In Australia, the schoolgirl was an object of fascination. “Barbara Howard, dusky sprinter from B.C., caused quite a stir among Sydney’s populace during her appearance at the Empire Games,” reported Globe sports columnist Fanny (Bobbie) Rosenfeld, herself an Olympic gold medal-winning relay sprinter. “She apparently was quite a novelty … appearing on the front page of every newspaper. They seldom see coloured athletes down there … the photographers and autograph seekers kept on her trail.”
The young woman’s kind demeanour earned her many friendships on the sojourn and her popularity was recorded by the Sydney Morning Herald, which noted her collection of mascots and souvenirs, as well as a prized club blazer from the South Curl Curl Surf Life Saving Club. The same newspaper described her as “dark-eyed and vivacious,” adding a demeaning racial comment typical of the era: “Like most members of her race, she is a very able sprinter.”
While Ms. Howard later said she received nothing but hospitality from Australians, the attention proved a distraction and she found herself feeling adrift by the time of the final for the 100 yards. She despaired at looking on the great crowd at the Sydney Cricket Ground and not seeing any familiar faces.
She finished sixth in the race, behind Decima Norman of Australia, who set a new Empire Games mark with a run of 11.1 seconds. Jeanette Dolson of Toronto came in third.
Ms. Howard gained a silver medal in the 440-yard relay with teammates Aileen Meagher of Halifax and Ms. Dolson. The trio also claimed a bronze in the four-person, 660-yard relay, joined by Violet Montgomery of Winnipeg.
Ms. Howard was feted briefly on her return to Canada, where she continued her studies, living at home with her widowed mother. During the war, Miss Howard was hired as a teacher in Vancouver, becoming the first member of a visible minority to be hired by the school board. She earned an education degree from the University of British Columbia in 1959. She taught for 43 years, including a 14-year stint as a physical-education teacher.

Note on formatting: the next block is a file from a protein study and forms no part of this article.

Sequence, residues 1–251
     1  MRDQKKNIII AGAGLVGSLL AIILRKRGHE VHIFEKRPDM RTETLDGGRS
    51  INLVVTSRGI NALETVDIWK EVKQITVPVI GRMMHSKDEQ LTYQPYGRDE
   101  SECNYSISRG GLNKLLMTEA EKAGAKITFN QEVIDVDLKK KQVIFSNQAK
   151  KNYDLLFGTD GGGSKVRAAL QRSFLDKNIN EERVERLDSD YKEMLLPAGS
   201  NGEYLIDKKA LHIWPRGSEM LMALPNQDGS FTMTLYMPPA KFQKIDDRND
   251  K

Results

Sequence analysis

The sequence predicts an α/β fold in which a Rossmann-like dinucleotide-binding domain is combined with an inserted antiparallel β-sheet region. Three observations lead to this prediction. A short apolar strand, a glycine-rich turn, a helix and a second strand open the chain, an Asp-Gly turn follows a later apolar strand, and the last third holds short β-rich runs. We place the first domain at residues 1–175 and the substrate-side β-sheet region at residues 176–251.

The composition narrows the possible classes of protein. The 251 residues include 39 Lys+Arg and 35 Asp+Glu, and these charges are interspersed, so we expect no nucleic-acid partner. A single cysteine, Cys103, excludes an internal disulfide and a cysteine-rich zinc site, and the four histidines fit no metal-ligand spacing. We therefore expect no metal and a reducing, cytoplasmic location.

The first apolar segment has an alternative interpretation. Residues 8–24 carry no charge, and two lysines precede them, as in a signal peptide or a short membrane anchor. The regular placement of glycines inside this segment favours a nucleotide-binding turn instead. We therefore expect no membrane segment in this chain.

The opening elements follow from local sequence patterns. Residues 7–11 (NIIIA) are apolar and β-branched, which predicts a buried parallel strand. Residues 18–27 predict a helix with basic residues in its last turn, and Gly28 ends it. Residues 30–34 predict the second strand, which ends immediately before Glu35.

In 2010, by then long retired, she received a Remarkable Woman Award from the Vancouver Park Board for “her passionate dedication to inspire others to make a positive difference in their community.” The recognition, 72 years after she had competed, revived interest in her athletic career.
Miss Howard died on Jan. 26. Her death was announced a month later by her niece. A celebration of life is scheduled for April 1 at St. Andrew’s-Wesley United Church in Vancouver. Miss Howard, a long-time activist in the church, never married. She was predeceased by a brother, Charles, and sisters Melba, Goldvine and Priscilla.
Miss Howard was a warm, funny person with the gentle demeanour one would expect from someone who spent much of her working life with children. She never complained about her fate and was delighted at receiving honours late in life. She did not have her medals on display at her home, though she did keep on a couch in her bedroom a tattered doll with a faded black nose, the stuffed koala a souvenir almost as valuable as a gold medal.